Alas Babylon – A History of Modern Religion
Who Are The Real Aryan People
Among the first thing that should be clarified, especially given the modern “sensitivities” and the current levels of both ignorance and apathy in most things historical. The history of the Aryan people is perhaps among the most misunderstood and abused words in our lexicon today. Let us look at the original definition from the Ancient EU website, and add in some other works as we dig deeper into the truth.
ARYAN: The English word 'Aryan' comes from the Sanskrit word ārya, which is the self-designation used by the Vedic Indic people who migrated into the Indian subcontinent around 1500 BCE.
The term “Aryan” has nothing to do with a bunch of ignorant, racist white supremacists. That seems relatively important to note in this day and age when people consider speech to be violence and acts of violence to be an expression of speech.
There is ample evidence to indicate also that the original Aryan people moved on from the middle east into other regions of the world including becoming the original Pict people in areas of Scotland and Ireland, Meso-America, India, and other areas around the world.
There is more than just a little speculation that it was perhaps the original Aryan people who created the pyramids around the world, including those in Egypt, Meso-America, China and virtually everywhere they can be found today.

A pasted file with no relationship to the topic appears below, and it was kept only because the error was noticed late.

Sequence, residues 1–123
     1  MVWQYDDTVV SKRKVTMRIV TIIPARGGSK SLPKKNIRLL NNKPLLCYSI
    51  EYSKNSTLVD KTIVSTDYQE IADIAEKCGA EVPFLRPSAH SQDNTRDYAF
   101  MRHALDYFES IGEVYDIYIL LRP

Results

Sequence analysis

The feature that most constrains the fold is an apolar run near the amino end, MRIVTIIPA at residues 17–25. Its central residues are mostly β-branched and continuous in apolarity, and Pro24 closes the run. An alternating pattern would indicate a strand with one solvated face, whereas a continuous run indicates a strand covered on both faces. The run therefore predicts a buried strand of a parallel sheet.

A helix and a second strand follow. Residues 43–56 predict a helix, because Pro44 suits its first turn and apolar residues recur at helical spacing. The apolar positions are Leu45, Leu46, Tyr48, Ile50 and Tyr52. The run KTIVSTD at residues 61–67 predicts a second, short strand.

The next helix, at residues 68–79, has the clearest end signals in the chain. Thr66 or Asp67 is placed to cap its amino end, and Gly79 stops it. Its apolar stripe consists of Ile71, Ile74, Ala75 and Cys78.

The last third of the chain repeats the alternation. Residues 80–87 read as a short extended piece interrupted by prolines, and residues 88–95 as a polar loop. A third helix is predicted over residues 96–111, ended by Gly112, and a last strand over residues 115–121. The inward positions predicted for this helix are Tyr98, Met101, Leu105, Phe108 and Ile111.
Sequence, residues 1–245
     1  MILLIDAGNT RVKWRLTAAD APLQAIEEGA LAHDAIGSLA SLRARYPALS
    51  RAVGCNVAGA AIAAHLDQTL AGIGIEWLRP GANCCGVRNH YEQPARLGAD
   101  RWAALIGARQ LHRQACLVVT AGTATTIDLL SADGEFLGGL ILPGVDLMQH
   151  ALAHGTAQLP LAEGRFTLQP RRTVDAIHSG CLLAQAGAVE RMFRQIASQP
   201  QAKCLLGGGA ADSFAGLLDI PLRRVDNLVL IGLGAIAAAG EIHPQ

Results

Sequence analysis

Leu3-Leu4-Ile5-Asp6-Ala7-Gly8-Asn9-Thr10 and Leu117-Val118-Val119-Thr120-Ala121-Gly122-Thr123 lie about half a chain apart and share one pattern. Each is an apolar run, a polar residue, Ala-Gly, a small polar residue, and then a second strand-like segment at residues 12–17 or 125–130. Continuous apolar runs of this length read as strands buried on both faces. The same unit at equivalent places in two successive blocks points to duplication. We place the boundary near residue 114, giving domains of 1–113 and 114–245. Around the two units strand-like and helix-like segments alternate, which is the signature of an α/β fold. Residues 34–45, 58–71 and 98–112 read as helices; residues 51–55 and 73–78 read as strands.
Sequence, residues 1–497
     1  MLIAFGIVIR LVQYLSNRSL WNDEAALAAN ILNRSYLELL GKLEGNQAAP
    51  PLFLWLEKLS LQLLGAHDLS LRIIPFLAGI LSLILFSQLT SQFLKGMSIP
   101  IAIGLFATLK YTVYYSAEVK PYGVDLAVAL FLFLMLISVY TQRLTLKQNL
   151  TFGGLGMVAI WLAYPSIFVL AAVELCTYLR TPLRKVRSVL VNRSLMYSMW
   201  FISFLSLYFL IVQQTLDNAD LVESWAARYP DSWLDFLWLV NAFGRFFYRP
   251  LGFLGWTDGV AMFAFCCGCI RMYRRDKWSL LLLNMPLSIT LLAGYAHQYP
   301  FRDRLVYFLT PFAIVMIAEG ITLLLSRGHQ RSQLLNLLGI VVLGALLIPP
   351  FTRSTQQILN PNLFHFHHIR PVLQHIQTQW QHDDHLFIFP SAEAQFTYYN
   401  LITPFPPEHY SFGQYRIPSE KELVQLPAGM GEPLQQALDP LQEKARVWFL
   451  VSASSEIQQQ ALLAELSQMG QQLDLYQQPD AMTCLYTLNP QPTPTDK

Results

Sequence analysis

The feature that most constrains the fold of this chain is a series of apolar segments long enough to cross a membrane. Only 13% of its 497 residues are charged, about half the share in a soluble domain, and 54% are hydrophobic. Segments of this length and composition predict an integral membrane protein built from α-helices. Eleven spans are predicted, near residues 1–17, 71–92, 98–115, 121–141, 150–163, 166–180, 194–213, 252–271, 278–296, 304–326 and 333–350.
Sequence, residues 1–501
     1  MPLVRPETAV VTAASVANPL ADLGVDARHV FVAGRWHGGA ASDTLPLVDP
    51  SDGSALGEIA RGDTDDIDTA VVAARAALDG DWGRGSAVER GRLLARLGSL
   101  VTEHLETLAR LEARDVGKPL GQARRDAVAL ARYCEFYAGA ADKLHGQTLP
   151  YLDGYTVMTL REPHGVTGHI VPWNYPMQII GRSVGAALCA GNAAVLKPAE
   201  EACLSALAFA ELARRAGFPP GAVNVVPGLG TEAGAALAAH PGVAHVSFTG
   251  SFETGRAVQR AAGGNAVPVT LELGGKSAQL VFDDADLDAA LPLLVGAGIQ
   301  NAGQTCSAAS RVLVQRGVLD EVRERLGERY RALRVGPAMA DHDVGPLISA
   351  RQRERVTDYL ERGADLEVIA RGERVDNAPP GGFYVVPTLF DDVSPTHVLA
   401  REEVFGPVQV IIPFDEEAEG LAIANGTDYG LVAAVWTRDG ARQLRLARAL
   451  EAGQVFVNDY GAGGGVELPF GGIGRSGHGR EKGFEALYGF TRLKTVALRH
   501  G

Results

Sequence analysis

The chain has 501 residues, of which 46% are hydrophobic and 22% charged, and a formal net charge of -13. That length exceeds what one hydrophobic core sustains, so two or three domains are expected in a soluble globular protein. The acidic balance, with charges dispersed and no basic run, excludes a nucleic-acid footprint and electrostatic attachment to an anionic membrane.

This would in part explain the many common features of all these pyramids and other monuments, even allowing a process of natural evolution to account for the differences on these pyramids and other monuments. The differences could be accounted for in many ways, including diverse groups with their own takes on the original methods, all being implemented in areas that they would ultimately settle as their new homelands around the world.
Ancient Aryan People and Religious Context
It is also interesting to note, for those with an open mind anyhow, the many common tales and stories among virtually all of the major religions around the world. There is a theory known as “Comparative Mythology”, and while I prefer a more philosophical approach to faith as opposed to putting faith in religious dogma or church tenets, it would be reasonably fair to take a mythological approach to religion at the same time.
Comparative Mythology in terms of religion, examines the many common aspects of the different major religions. There are many cases where the stories or “myths” seem to be completely parallel. In other cases, the root stories are the same but the conclusions or tenets or the history and origins have been changed.
Please remember, you were warned that this was written for people who have an open mind. David Icke is by all definitions, an atheist who does not believe in God per se, and seeks to discount religion as a whole. Now how can you reasonably understand anything if you do not consider all of the points both for and against any argument? David Icke, given the level of research he has committed to debunking religion, definitely merits closer inspection and a consideration of his beliefs and conclusions he has drawn from his research.